It was confirmed by "British Caenozoic fossils" from the BM in wich, on page 39, item 5, a piece is shown of two arms attached, but otherwise virtually identical.

In this book it is named: Archastropecten crispatus.

This piece is also London Clay and found at the isle of Sheppey.


greetings, Bert

the search is as valuable as the finds...
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jennie0212
Ok hun, I do have that that book so I think will re-check my random pyrite against it again tomorrow, I was largely going on my experience of what I have found down Creeksea beach if I am honest, I am putting on my 1st display of Eocene fossils at the moment and have only ever found starfish arms that are slender by comparison. I always welcome help and advice.


that link should take you to a photo of my main display cabinet, if anyone is interested

thanks

Jennie
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TqB
I agree with Elbert, starfish arm, and the Archastropecten looks pretty close .
Tarquin
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jennie0212
Some of my finds from Creeksea cliffs Burnham on crouchTiny_Urchin_Top.jpg this tiny urchin is just 2mm across
Display.jpg  my display table at the Burnham on crouch museum, where my display will run from 1st April till 31st October 
(no I did not find the larger 3 urchins but they had already been donated to the museum and I did find the other 3 smaller flint urchins and the tiny one and a small pyrite one)
IMG00104.jpg one of the two up-right cabinets for shark, ray and fish teeth and vertebrae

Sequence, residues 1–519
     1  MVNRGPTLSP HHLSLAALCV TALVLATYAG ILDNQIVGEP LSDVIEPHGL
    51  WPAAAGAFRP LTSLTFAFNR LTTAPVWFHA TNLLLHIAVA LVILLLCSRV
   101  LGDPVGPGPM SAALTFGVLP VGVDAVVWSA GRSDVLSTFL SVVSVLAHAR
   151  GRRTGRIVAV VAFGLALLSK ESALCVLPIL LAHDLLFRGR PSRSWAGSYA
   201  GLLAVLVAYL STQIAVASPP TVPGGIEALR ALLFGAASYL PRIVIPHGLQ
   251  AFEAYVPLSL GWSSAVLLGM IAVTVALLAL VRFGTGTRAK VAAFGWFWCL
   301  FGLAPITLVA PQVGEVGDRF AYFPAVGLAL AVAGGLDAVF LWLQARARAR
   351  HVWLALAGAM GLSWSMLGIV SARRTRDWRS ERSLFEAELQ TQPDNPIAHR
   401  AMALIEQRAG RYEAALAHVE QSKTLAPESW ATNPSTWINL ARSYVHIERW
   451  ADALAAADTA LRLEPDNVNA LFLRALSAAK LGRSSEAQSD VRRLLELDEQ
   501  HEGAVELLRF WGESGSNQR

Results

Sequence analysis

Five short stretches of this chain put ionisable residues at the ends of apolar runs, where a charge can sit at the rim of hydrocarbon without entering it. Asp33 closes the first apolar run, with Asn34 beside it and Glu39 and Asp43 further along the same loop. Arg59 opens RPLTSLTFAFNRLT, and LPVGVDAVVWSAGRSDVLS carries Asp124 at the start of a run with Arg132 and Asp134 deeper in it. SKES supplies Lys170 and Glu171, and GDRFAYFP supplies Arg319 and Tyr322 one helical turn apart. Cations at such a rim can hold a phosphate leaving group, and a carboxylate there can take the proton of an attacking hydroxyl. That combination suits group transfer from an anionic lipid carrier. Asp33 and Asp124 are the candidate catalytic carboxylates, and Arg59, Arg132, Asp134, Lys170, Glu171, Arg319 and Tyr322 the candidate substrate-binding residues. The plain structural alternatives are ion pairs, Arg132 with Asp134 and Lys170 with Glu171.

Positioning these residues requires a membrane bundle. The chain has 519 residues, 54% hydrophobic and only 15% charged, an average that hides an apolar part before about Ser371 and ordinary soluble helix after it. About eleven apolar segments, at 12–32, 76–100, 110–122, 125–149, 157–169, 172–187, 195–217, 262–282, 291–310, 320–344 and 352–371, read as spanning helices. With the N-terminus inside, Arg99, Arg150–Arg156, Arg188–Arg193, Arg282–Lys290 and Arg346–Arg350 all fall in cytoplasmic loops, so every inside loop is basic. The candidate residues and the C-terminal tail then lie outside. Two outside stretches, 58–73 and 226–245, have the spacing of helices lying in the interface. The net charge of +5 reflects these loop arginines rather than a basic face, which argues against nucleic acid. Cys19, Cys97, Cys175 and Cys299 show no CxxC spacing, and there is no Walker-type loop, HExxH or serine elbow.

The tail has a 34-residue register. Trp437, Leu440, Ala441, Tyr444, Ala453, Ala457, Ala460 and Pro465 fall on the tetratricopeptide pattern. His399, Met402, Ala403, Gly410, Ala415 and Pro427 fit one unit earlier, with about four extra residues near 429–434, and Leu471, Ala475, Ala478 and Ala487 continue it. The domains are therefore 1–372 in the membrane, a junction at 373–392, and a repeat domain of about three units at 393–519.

[attach:fileid=uploads/3348/anomotodon_sheppeyensis.jpg]
Anomotodon Sheppeyensis teeth, I could put up pictures of all the teeth tomorro if anyone is interested?
thanks
Jennie
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Fossil hunter
Thanks,Jennie,Elbert and TqB for helping with the ID.
I was personally thinking it of a single arm of a starfish too as there seems to be the square plates on the edges and parts where other arms might have originally existed.
I have drawn an imagining whole specimen based on mine below.
By the way,that's an impressive collection of shark tooth and fossils Jennie. Do you have any Hexanchus shark teeth from Butts cliff? 20150305_195449_resized.jpg 

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Elbert

Hello Jennie, impressive display!

If it was`t  for the water, I`d come over and have a look; near where I live in Holland is one of the very rare dutch  locations where it is possible to also find Eocene material although the Miocene and Pliocene

dominate the finds.

So it can not be compaired with what you have in the UK; but it would still be interesting to compare the Eocene material...

And yes,  please show some sharksteeth; most of what we find are those.


greetings, Bert


the search is as valuable as the finds...
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jennie0212
much more obvious seeing it like that, and yes I have weltonia burhamensis, hexanchus collinsonae, hexanchus agassizi and notorynchus serratissimus. I can post some pictures of them tomorrow if you want?

Jennei
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jennie0212
all the teeth I have found are up the museum, but I will take photos of them all tomorrow and post them on here when I get home.

Jennie

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Fossil hunter
Hi,
Yes,that would be nice! Thanks.
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mr ammonites
That is  wonderful display. It is so interesting to see the animal the teeth came from, it brings the fossils back to life, so to speak. 
I hope all the visitors appreciate you effort and learn something.

Ammonite!
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beatpete
Hi all
The Anomotodon sheppeyensis in the last picture looks very much like the famous Goblin shark,
Mitsukurina owstoni
 
Beatpete
----------------
Anywhere for little ammonites, twice as far for big ones!